Rick Kiley: That’s awesome. 


Emily Dufton: It sounds like a movie in the making. 


Rick Kiley: Yeah. 


Emily Dufton: I wish. If anyone wants to pay me to write the script, I’m available.


Jeff Boedges: Yeah. I think after Harvey Milk, I mean, who’s better than Brownie Mary? 


Rick Kiley: Yeah. 


Emily Dufton: Brownies and Milk. 


Rick Kiley: I see Meryl Streep. 


Emily Dufton: Oh my God. We have the name of the movie. 


Rick Kiley: Brownies and Milk. All right. Well, let’s get that script going here. We’ll see. 


Jeff Boedges: I’ll call Sean. I’ll see if he’s into… 


Rick Kiley: Yeah, we’ll make it happen. Alright. So, we’re coming down towards the end here. I think, you know, as you are a student of what’s happening in the industry and you know that our podcast is called The Green Repeal, we’re sort of trying to chart this path of cannabis legalization to what we feel is its inevitable conclusion. I’m curious how you feel about whether or not cannabis will be legal federally, if you think that that’s inevitable, if it’s coming soon, if it’s coming later, like, what does history tell you from your perspective?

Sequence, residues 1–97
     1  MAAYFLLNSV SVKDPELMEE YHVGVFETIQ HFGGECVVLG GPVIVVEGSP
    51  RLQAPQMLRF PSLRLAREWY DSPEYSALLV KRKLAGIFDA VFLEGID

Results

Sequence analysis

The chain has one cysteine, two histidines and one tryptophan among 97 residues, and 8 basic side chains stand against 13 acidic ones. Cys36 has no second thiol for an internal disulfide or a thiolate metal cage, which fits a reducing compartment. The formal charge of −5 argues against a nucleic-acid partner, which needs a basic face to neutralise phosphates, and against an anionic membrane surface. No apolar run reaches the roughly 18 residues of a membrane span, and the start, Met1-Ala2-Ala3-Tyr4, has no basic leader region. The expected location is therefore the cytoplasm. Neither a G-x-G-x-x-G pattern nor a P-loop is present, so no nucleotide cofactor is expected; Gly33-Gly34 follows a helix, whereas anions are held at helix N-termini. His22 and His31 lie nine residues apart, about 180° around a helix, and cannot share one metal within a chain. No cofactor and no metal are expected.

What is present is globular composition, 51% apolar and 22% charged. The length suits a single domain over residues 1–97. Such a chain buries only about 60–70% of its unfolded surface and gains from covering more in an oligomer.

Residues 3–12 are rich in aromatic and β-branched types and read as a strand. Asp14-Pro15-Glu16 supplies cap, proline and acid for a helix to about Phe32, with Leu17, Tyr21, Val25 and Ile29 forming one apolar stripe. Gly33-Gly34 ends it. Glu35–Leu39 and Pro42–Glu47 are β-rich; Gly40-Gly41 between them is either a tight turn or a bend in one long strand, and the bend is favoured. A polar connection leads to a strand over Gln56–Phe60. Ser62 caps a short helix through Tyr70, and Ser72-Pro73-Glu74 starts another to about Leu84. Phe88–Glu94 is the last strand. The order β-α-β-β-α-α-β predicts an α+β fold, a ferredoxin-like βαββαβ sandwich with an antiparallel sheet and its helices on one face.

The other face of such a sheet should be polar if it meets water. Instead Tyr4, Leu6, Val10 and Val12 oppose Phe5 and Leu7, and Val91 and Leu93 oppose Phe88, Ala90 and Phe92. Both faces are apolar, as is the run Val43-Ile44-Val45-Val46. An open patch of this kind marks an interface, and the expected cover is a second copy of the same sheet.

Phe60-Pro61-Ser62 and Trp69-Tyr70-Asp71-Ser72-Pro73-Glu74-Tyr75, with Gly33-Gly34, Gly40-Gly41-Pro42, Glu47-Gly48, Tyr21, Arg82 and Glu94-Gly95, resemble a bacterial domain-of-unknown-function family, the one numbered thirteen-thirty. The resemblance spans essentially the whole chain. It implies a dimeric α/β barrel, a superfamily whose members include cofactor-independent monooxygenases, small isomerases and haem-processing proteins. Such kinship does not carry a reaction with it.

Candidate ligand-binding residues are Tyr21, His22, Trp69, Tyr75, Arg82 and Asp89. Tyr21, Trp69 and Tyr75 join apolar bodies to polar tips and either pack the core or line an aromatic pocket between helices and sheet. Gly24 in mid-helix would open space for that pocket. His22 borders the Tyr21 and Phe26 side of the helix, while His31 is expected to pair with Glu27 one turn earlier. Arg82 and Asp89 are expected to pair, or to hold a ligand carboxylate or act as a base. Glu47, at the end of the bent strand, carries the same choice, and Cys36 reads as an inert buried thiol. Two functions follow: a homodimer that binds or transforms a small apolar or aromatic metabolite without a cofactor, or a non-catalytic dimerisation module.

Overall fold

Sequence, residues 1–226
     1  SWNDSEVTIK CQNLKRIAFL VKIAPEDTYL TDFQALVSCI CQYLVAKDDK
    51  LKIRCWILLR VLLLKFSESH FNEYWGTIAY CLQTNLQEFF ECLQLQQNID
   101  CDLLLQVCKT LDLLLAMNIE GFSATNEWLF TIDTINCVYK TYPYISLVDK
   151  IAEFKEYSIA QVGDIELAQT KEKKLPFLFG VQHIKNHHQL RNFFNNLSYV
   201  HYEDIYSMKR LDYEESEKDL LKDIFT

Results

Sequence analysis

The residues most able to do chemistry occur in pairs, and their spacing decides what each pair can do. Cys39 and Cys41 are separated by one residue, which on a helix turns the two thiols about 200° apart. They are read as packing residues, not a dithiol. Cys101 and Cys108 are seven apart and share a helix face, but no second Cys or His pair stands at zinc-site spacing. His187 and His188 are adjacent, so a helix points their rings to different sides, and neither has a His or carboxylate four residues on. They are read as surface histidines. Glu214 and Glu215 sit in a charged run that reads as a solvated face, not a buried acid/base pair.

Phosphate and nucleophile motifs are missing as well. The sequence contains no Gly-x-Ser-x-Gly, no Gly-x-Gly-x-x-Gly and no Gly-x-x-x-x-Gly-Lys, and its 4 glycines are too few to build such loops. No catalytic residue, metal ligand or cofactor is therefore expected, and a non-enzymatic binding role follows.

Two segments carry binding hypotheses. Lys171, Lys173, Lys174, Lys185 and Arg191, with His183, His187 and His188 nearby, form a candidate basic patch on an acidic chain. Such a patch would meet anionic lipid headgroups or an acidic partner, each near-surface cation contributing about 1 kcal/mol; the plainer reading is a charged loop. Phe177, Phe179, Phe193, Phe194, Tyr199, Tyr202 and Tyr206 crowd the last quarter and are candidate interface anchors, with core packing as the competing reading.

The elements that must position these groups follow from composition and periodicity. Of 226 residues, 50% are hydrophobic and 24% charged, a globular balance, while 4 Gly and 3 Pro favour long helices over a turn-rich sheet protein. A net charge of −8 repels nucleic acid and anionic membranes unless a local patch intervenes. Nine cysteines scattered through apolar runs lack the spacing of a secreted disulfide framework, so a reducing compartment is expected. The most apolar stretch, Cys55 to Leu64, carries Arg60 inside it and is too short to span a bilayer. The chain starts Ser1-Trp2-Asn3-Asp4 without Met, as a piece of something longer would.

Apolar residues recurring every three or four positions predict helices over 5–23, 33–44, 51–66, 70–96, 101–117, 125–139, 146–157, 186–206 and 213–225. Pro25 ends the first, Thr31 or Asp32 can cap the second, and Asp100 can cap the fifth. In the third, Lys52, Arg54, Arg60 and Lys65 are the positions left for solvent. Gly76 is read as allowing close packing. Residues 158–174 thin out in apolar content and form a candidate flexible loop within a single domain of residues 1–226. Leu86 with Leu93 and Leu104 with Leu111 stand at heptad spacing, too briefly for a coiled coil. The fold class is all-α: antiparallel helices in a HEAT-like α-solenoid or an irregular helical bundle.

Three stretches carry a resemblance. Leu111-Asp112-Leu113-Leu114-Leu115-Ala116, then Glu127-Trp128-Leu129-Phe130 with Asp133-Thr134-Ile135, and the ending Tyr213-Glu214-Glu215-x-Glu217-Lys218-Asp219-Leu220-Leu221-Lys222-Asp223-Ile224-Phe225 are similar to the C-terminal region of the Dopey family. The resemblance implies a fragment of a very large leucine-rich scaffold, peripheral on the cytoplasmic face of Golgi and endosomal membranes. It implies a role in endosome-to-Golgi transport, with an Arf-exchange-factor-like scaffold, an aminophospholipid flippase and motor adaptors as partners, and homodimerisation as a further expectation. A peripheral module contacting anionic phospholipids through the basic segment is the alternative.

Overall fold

Jeff Boedges: I actually have a spin on that too, because I feel like as you said, Emily, that there’s up and down this thing. Cannabis has been vilified and then glorified and then vilified again. Right now, I think it’s probably in its heyday of glorification at least in the US. Do we feel like it could go? Because I think Rick and I, and probably other people feel like it’s really heading towards this path towards federal legalization. But do you think that there’s a possibility that history repeats itself again and this thing eventually becomes vilified?